Now here’s the weird thing: The version of Manetho preserved by Africanus—and Africanus alone—has Manetho say that a great flood, the flood of Deucalion, happened during the reign of Mesphra-Tuthmosis. This seems to be the proximate cause for the sages in Alexandria to have merged Mesphres into the story of Hermes and his obelisks. The early Christians, however, didn’t quite identify Deucalion and Noah. Africanus, Eusebius, Jerome, and Augustine, for example, placed him in the time of Moses. Syncellus, though, writing five hundred years later, recalculated and determined that the numbers didn’t add up, and Deucalion was later. We need not concern ourselves with the complex numerical and genealogical arguments except to note that at the time that the Hermetic version of history took shape, the Judeo-Christian timeline held that a great flood had occurred in the time of Thutmosis III.
We know from Zosimus of Panoplis, a Gnostic-Hermetic alchemist of c. 300 CE, that Christian apocrypha had a heavy influence on Hermetic history, for he alleges in Imouth 9 (in Syncellus, Chronicle 14) that Hermes Trismegistus wrote a book attributing the origins of alchemy to the Fallen Angels of Genesis 6, a story that originates in the apocryphal tales of the Watchers in the Book of Enoch. We know, too, from other medieval writers that after the loss of hieroglyphic literacy in Late Antiquity, medieval alchemists put out the story that the writings on the walls of the temples of Egypt were alchemical formulae, scientific treatises, and magic spells. This belief was already forming by 391 CE, when Ammianus Marcellinus recorded the belief that Egyptian tomb carvings were road maps to sacred religious rites, meant to protect them from a flood, and it was firmly in place by the time of Abu Ma‘shar in 850 CE, when it was applied to the “antediluvian” temples, by then occupied by alchemical squatters. By no later than 950 CE, the story had been firmly assimilated with the Christian myth that the sons of Seth had erected pillars of stone and clay to preserve antediluvian wisdom (Flavius Josephus, Antiquities of the Jews 1.68-74 with Al-Mas’udi, Meadows of Gold 31 and Al-Maqrizi, Al-Khitat 2.80) and had even filtered into the history of the pyramids, whose “inscriptions are related to the sciences, to the properties of bodies, to magic, and to the secrets of nature” (Al-Mas’udi, Meadows of Gold 31). One reason for this, according to one scholarly suggestion, is confusion: The Coptic word for the pyramidion atop an obelisk or pyramid, brbr, became conflated with the Arabic word for Egyptian temples, berba.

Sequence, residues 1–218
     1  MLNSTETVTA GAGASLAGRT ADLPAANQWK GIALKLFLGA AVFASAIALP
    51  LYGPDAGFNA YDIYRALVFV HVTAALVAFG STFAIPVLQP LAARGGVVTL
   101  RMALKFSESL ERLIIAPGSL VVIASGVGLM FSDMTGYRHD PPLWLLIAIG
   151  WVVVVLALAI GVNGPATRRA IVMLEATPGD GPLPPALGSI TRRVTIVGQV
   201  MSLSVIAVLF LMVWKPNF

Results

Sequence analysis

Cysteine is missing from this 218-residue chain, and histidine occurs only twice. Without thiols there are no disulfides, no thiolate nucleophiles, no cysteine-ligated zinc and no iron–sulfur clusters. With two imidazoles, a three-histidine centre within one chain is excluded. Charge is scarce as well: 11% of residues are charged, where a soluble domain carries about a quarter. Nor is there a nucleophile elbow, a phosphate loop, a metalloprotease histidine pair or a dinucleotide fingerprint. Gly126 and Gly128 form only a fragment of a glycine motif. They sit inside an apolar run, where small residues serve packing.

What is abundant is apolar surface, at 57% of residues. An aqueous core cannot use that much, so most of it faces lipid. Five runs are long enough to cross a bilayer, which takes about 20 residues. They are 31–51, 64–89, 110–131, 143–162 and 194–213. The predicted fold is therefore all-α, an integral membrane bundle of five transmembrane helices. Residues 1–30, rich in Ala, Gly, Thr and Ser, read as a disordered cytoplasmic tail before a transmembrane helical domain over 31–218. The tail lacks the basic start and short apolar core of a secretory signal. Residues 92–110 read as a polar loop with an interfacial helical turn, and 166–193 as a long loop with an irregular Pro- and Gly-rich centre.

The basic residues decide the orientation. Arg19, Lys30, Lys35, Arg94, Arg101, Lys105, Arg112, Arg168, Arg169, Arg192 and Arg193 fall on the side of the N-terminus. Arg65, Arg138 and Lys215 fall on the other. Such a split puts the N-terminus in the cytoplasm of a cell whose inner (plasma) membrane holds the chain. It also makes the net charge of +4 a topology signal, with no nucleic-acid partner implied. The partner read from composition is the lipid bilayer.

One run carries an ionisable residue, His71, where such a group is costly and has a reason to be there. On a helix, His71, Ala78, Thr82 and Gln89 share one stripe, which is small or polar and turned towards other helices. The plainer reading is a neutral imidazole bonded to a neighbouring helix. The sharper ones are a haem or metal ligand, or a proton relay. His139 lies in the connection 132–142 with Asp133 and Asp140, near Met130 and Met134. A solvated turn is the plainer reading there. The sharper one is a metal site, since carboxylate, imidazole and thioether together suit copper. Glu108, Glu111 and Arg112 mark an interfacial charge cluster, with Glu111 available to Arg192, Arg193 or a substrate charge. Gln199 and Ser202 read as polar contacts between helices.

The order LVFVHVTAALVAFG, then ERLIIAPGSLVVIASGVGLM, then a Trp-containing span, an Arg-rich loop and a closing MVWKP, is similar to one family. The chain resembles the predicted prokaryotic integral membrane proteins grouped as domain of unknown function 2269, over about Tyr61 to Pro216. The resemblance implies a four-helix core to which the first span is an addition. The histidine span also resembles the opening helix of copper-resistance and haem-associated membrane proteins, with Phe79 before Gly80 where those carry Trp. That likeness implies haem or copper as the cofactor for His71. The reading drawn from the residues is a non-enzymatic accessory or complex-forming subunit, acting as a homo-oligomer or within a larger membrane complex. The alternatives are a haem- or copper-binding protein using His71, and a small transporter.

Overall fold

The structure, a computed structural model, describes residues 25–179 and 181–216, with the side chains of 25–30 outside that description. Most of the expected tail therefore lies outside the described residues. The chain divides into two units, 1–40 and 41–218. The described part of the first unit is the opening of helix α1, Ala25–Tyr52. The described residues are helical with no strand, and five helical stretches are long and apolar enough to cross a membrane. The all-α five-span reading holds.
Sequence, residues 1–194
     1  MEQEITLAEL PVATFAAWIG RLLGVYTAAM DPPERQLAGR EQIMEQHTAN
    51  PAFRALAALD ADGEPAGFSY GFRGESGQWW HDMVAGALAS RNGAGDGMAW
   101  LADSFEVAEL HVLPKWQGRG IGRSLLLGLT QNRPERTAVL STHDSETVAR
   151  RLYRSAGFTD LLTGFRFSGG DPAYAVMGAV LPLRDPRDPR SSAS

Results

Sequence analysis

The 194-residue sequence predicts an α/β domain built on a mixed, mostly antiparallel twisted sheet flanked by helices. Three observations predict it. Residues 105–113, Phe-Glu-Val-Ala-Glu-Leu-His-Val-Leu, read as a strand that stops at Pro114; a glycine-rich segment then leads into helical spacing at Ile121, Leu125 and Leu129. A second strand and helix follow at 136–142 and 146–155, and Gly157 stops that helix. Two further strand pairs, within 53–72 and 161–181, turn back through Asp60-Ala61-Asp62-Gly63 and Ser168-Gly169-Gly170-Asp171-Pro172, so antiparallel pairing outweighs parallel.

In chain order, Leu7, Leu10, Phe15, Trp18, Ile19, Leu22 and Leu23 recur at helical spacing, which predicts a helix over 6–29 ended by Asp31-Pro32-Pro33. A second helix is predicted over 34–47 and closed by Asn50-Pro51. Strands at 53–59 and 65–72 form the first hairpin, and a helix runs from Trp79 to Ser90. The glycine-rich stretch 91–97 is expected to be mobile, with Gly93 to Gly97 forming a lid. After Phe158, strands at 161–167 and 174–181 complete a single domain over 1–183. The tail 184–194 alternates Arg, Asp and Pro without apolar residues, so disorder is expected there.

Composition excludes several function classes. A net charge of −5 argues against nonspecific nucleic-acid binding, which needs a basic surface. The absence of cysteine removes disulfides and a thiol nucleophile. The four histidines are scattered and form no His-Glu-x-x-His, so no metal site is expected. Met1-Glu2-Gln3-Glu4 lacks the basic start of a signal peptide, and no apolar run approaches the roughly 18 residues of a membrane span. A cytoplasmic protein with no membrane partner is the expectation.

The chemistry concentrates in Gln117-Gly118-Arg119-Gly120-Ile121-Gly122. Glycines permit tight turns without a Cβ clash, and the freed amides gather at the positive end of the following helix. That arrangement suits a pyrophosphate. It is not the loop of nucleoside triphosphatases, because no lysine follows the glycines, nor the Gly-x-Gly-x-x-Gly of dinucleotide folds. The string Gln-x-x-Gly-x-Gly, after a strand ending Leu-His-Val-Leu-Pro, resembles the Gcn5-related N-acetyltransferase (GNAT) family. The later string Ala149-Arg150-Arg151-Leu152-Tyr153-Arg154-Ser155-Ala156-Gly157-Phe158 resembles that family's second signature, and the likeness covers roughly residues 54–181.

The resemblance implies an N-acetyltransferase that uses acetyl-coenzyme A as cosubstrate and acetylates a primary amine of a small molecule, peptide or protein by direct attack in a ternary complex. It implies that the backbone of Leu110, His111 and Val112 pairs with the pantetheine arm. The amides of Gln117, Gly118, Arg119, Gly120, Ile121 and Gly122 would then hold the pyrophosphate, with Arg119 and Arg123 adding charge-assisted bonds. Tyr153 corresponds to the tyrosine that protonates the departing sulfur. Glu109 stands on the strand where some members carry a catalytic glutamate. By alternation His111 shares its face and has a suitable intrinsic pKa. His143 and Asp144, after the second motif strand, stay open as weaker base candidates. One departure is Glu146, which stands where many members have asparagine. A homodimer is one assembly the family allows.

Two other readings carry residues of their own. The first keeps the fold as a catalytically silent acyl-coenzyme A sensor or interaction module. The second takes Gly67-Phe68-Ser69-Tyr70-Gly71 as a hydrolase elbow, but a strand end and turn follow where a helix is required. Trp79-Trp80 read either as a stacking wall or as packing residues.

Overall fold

The pyramid legend we have from the Middle Ages went through two primary phases, the first being the story of Hermes inscribing science on temple walls after using astrological calculations to predict the Flood and the second being Surid inscribing science on pyramid walls after having a dream warning him of the coming Flood. That the second is the later version is attested by the fact that Surid then asks his priests to use astrology to confirm the dream, harking back to the older story, even though it is an unnecessary detail. Anyway, there seems to be some bleed-over from the Classical account of “Mesphres” into the emerging story of Surid as it was reworked from the Hermetic version. This should not surprise us since the Surid story as we have it in its oldest form, in the Akhbar al-zaman, is clearly of Greco-Roman origin since it (badly) transliterates astrological terms and character names from recognizable Greek originals. The Classical underpinnings, although probably heavily reworked, are nonetheless undeniable.
There may be another factor at work, too. It’s true that dream prophecies were a dime a dozen in Classical times, and the specific dream vision of Surid seems to be connected closely to the prophetic vision of Enoch in his apocryphal book. But it’s interesting to note that Thutmosis III’s son’s successor, Thutmosis IV, was famous for his own dream vision, in which the Sphinx asked him to clear the sand from its body. He recorded this on a standing stone before the Sphinx, where the Greeks and Romans undoubtedly read it in the days when hieroglyphs could still be read. Is this perhaps what Pliny, in a confused way, referred to? Or was there a lost inscription to similar effect from Thutmosis III? The earliest known pharaoh to have recorded receiving a prophetic dream was Amenhotep II, who was the son of Thutmosis III. However it happened, there was a tradition that associated this family with divine orders given in dreams. The exact origin of Pliny’s story will probably never be known, but it testifies to a belief in Classical times, extending into Late Antiquity, that monuments in Egypt were the result of warnings from the dream world.
The story we have in the medieval accounts is corrupt and confused, but the Classical version seems equally well to have only a partial relationship to actual history. The Greeks and Romans seem to have wrongly thought obelisks to be a relatively recent invention, and the late Hermetic writers appear to have cast the whole story back into primeval times by identifying Classical stories of obelisks with an emerging myth of the supposedly “alchemical” writings on the walls of the temples.
I am an author and researcher focusing on pop culture, science, and history. Bylines: New Republic, Slate, etc. There's more about me in the About Jason tab.